"Air Force One" is the official air traffic control call sign of a United States Air Force aircraft carrying the President. The call sign was created after a 1953 incident during which a flight carrying President Dwight D. Eisenhower entered the same airspace as a commercial airline flight using the same call sign. While the President has multiple aircraft at his disposal, the call sign is moved from plane to plane as necessary.

Marine VH-3 helicopters with the VC-25Marine VH-3 helicopters with the VC-25

The call sign "Marine One" is used when the President is flying on any aircraft of the United States Marine Corps. These aircraft are typically a helicopter operated by the Marine Helicopter Squadron One (HMX-1) "Nighthawks" squadron.

The squadron currently operates a fleet of the large “White Top” VH-3D "Sea King" helicopters newer, smaller VH-60N "White Hawk” helicopters, and the “Green Top” CH-46E "Sea Knight".

Marine One is often used instead of a Presidential motorcade, which can be expensive and logistically difficult. More than 800 marines supervise the operation of the Marine One fleet, often seen on the South Lawn of the White House or at Joint Base Andrews Naval Air Facility in Maryland. At Andrews, it is sometimes used to connect to Air Force One for longer journeys.

Presidential and VIP Airplane Photos

Boeing VC-137C Presidential Jet - Special Air Mission (SAM) 27000
at the Ronald Reagan Presidential Library Simi Valley, California
Boeing VC-137C Presidential Jet - Special Air Mission (SAM) 27000 on display at the Ronald Reagan Presidential Library Simi Valley, California
Boeing VC-137C Presidential Jet - Special Air Mission (SAM) 27000
at the Ronald Reagan Presidential Library Simi Valley, California
Boeing VC-137C Presidential Jet - Special Air Mission (SAM) 27000 on display at the Ronald Reagan Presidential Library Simi Valley, California

Boeing VC-137C 27000 Presidential Jet - Entered service in December, 1972
Ended service August, 2001

Boeing VC-137C Presidential Jet - Special Air Mission (SAM) 27000 on display at the Ronald Reagan Presidential Library Simi Valley, California
Boeing VC-137C Presidential Jet - Special Air Mission (SAM) Tail Number 27000
Boeing VC-137C Presidential Jet - Special Air Mission (SAM) 27000 on display at the Ronald Reagan Presidential Library Simi Valley, California

Boeing VC-137B, "Freedom One", at the PIMA Air & Space Museum, Tucson, Arizona
One of three Boeing 707-153s converted to military use, this aircraft was completed as a VC-137A by Boeing in Seattle, Washington in April 1959.
Boeing VC-137B Freedom One
Left fuselage view of the Boeing VC-137B, "Freedom One", S/N 86971 at PIMA Air & Space Museum
Boeing VC-137B Freedom One
Boeing VC-137B Air Force One, S/N 86970, Museum of Flight, Seattle, Washington
Boeing VC-137B Air Force One, S/N 86970, Museum of Flight, Seattle, Washington
Right fuselage view of Boeing VC-137B Air Force One, S/N 86970, Museum of Flight, Seattle
Boeing VC-137B Air Force One, S/N 86970, Museum of Flight, Seattle, Washington
Boeing VC-137B Air Force One, S/N 86970, at the Museum of Flight, Seattle, Washington
Boeing VC-137B Air Force One, S/N 86970, Museum of Flight, Seattle, Washington
Boeing VC-137B Air Force One, S/N 86970, Museum of Flight, Seattle, Washington
Boeing VC-137B Air Force One, S/N 86970, Museum of Flight, Seattle, Washington
Tail section of Boeing VC-137B Air Force One, S/N 86970, Museum of Flight, Seattle, Washington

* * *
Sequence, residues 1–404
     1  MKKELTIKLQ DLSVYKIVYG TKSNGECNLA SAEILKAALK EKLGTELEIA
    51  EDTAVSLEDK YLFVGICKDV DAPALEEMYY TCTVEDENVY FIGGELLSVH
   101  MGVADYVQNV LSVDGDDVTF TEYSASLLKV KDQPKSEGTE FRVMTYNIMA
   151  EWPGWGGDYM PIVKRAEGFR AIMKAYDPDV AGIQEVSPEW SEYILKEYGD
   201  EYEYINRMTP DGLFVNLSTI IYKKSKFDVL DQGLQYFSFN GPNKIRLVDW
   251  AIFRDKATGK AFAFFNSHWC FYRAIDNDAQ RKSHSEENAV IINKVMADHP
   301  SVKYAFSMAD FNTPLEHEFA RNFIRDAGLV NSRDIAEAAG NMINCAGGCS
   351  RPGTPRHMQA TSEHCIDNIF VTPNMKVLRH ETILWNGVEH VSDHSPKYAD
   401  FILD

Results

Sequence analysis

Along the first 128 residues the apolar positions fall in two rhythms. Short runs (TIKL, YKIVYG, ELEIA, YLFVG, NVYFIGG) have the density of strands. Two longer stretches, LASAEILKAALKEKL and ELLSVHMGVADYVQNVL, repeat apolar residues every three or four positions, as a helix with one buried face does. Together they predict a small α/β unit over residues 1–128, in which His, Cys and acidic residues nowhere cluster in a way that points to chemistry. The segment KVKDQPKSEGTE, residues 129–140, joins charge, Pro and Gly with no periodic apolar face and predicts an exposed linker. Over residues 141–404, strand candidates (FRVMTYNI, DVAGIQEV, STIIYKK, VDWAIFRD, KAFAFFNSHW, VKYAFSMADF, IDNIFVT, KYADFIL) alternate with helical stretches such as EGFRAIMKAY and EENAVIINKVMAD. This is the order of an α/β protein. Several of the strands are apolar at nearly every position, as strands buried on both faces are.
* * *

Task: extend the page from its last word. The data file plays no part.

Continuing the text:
Boeing VC-137B Air Force One, S/N 86970, Museum of Flight, Seattle, Washington
Boeing C-135 S/N 91518 at AMARG, Davis-Monthan Air Force Base, Tucson, Arizona
Boeing C-135 S/N 91518 at AMARG
Shown Below: C-135 Stratolifter S/N 61-2671 at the entrance to Tinker Air Force Base, Oklahoma City
Construction Number C/N 18347, a Boeing C-135B-BN, was delivered to the Air Force on April 27, 1962.
It was converted to a WC-135B in June of 1965 for use by the 56th Weather Squadron.
In 1974 it was again converted, to a C-135C supporting transportation of high-level
military commanders in the Pacific realm until the early 1990s. At that time, the plane was
flown to the Oklahoma City Air Logistics Center at Tinker AFB for mid-term
corrosion control. However, 61-2671 was deemed too corroded to repair, and was
ultimately placed on display at the Charles B. Hall Airpark
C-135 Stratolifter S/N 61-2671 on display at the Charles B. Hall Airpark at the entrance to Tinker Air Force Base, Oklahoma City, Oklahoma
Nose view of the C-135 Stratolifter S/N 61-2671 at the entrance to Tinker Air Force Base, Oklahoma City
C-135 Stratolifter S/N 61-2671, Construction Number C/N 18347, a Boeing C-135B-BN, on display at the Charles B. Hall Airpark at the entrance to Tinker Air Force Base, Oklahoma City, Oklahoma
Boeing C-135C Stratolifter S/N 61-2671, former WC-135B, at Tinker Air Force Base, Oklahoma City
C-135C Stratolifter S/N 61-2671, former WC-135B, at Tinker Air Force Base, Oklahoma City
C-140B Jetstar, S/N 624201, used by President Lyndon B. Johnson, restored by the Hill Aerospace Museum
C-140B Jetstar, S/N 624201, used by President Lyndon B. Johnson, restored by the Hill Aerospace Museum
Nose view, C-140B Jetstar, S/N 624201, used by President Lyndon B. Johnson, now at the Hill Aerospace Museum
C-140B Jetstar, S/N 624201, used by President Lyndon B. Johnson, restored by the Hill Aerospace Museum

USAF Photos

VC-137 Air Force One in flight - Tail Number 27000
VC-137 Air Force One in flight - Tail Number 27000
Boeing VC-137C SAM 26000, former "Air Force One"
Boeing VC-137C SAM 26000, former "Air Force One"

Photos by the U.S. Navy and Marine Corp

Marine One in flight - Sikorsky VH-3D "Sea King"
Marine One in flight - Sikorsky VH-3D "Sea King"

Other C-135 Military VIP Aircraft Photos

U.S. Strike Command's VC-135A, S/N 61-0316, Airborne Command Post, built in 1962
Photo taken at Heathrow Airport near the PanAm hangar, 1971
(Photo by Mick West, as published by Airliners.Net ... used with permission of the photographer)
U.S. Strike Command's VC-135A, S/N 61-0316, Airborne Command Post

VC-25A Air Force One Photo by the U.S. Air Force

VC-25A "Air Force One" at Davis-Monthan Air Force Base during visit by President George Bush
VC-25A "Air Force One" at Davis-Monthan Air Force Base during visit by President George Bush

Earlier Pre-Jet Presidential Aircraft

"The Columbine" presidential aircraft, Lockheed C-121 Constellation (VC-121E), at the PIMA Air Museum
"The Columbine" presidential aircraft, Lockheed C-121 Constellation (VC-121E)
VC-118A "Liftmaster" presidential aircraft, at the PIMA Air & Space Museum
This aircraft served as the official Air Force One for Presidents Kennedy and Johnson. It was the last propeller driven aircraft to be designated as the primary Presidential transport.
VC-118A "Liftmaster" presidential aircraft, at PIMA Museum